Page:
Yesterday's American thinker had a great article on the Wisconsin situation, which included the following:
The problem isn't collective bargaining itself, but how we define "collective." A union is really nothing more than a corporation that provides labor. Governor Walker and other conservatives certainly have no problem with corporations, except when that corporation operates a monopoly. Therein lies the problem with unions -- not that they exist, or even that they are essentially liberal political organizations that do some employee representation on the side. What makes unions so dangerous and often harmful is that the law allows them to wield monopoly power.
The most hazardous monopoly of all is one that receives taxpayer support. When the United Auto Workers union successfully pushed member compensation up to and astronomical $73.20 per hour, consumers had the recourse of buying from less costly foreign automakers (Toyota: $48.00 per hour). When a government union, such as the National Education Association, makes state services more expensive than their market value, there are no competitors to expose how wasteful and impractical it actually is. Moreover, even if expensive UAW cars were the only cars available, as we could at least ride a bike instead of driving. Not so with government workers. Between property, sales, income, vehicle, and a seemingly endless array of other taxes, we can't stop paying state employee unions. We are forced consumers of state services.
Story after story in local and national news asserts that Governor Walker is trying to take away union rights. But do unions have the right to operate a monopoly whose product, by law, cannot be refused? It is the rights of non-union tax-payers that are under far greater threat under the current collective bargaining rules. Walker's proposal is a simple check on a monopolistic organization than is bankrupting his state.
But it's not as simple as checking a group with too much power. For decades unions have been a cause rather than a mere economic entity. Many believe that pro-union laws passed under Franklin Roosevelt created the American middle-class and brought the common man out from under the thumb of cruel robber barons. But that reading of history is more political spin than fact.
Roughly 150 years before Roosevelt signed the union-promoting Wagoner Act, Benjamin Franklin composed a pamphlet that encouraged Europeans to immigrate to the newly freed colonies. Franklin wrote that "nowhere else in the world are the laboring poor so well fed, well lodged, well clothed and well paid as the United States of America." In other words, the middle class was not created by unions in the 1930s but through laissez faire capitalism beginning as early as the 1700s.
Collective bargaining certainly increased the wages of union members, particularly in the 1940s and 50s, the union heyday. The success of unions during those decades was partially due to the fact that most of the industrialized world had just blown itself to smithereens in World War II. A lack of international competition allowed private American unions to continually bargain for higher salaries. Once Europe and Japan rebuilt their industrial base, American labor was exposed as overpriced, causing many industries to move to other countries.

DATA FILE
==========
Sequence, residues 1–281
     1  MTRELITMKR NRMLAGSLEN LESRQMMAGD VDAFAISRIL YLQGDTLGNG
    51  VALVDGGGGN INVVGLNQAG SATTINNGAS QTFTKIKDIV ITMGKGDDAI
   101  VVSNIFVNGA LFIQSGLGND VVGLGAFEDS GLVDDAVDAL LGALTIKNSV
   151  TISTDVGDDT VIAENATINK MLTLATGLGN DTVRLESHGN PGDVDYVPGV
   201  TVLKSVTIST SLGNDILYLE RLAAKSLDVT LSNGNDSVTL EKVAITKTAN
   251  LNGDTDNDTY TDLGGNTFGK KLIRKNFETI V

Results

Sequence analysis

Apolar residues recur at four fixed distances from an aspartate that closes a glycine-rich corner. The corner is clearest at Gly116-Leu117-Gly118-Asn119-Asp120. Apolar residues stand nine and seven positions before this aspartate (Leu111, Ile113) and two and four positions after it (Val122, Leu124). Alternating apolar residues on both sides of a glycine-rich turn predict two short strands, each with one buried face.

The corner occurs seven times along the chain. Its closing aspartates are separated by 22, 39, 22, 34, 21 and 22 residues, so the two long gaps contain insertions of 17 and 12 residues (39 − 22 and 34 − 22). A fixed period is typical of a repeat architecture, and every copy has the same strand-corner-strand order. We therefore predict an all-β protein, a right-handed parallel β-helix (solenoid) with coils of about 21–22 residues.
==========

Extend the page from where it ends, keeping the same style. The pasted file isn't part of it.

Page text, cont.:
Public sector unions, however, can't be outdone by foreign competition. To maintain heavy influence over their members' wages and benefits, today's government employee unions need only to preserve advantageous collective bargaining laws. Thus the American Federation of State, County and Municipal Employees became the biggest independent campaign spender in the 2010 elections (not the Koch brothers, Karl Rove's PAC or any other right-wing group). AFSCME dropped an eye-popping $87.5 million, all to help Democrats get re-elected. It's no wonder that Organizing for America and other Democrat groups are rallying to the aid of Wisconsin's public sector unions. When asked about the situation in Madison, President Obama responded, "I think it's also important to recognize that public employees make enormous contributions to the well-being of our states and our cities." He could easily have said that public employees make "enormous contributions" to him and his political allies.
I'd never seen a union referred to as a corporation that supplies labor, but once I read that, it was a revelation. After all, unions are corporations. They are run by boards and presidents, supply a commodity (labor) and charge a price. The dues paid by members are the corporate profits, but unlike Microsoft or Intel, the profits don't get put into R&D or making the product better, but only on making it more expensive. They use all of their profits to manipulate their markets in order to prevent competition, destroy independent providers of the same service, and control their clients (government agencies) through political means. If GM did that, they'd be broken up as a monopoly, but because public employee unions have disguised their nature, people don't realize that they are monopolistic corporate entities. In fact, the Sherman Act originally applied to unions, but the Clayton Act, a Wilson/Democratic "reform", specifically exempted them. Repeal of the Clayton Act should be the first order of any Republican administration.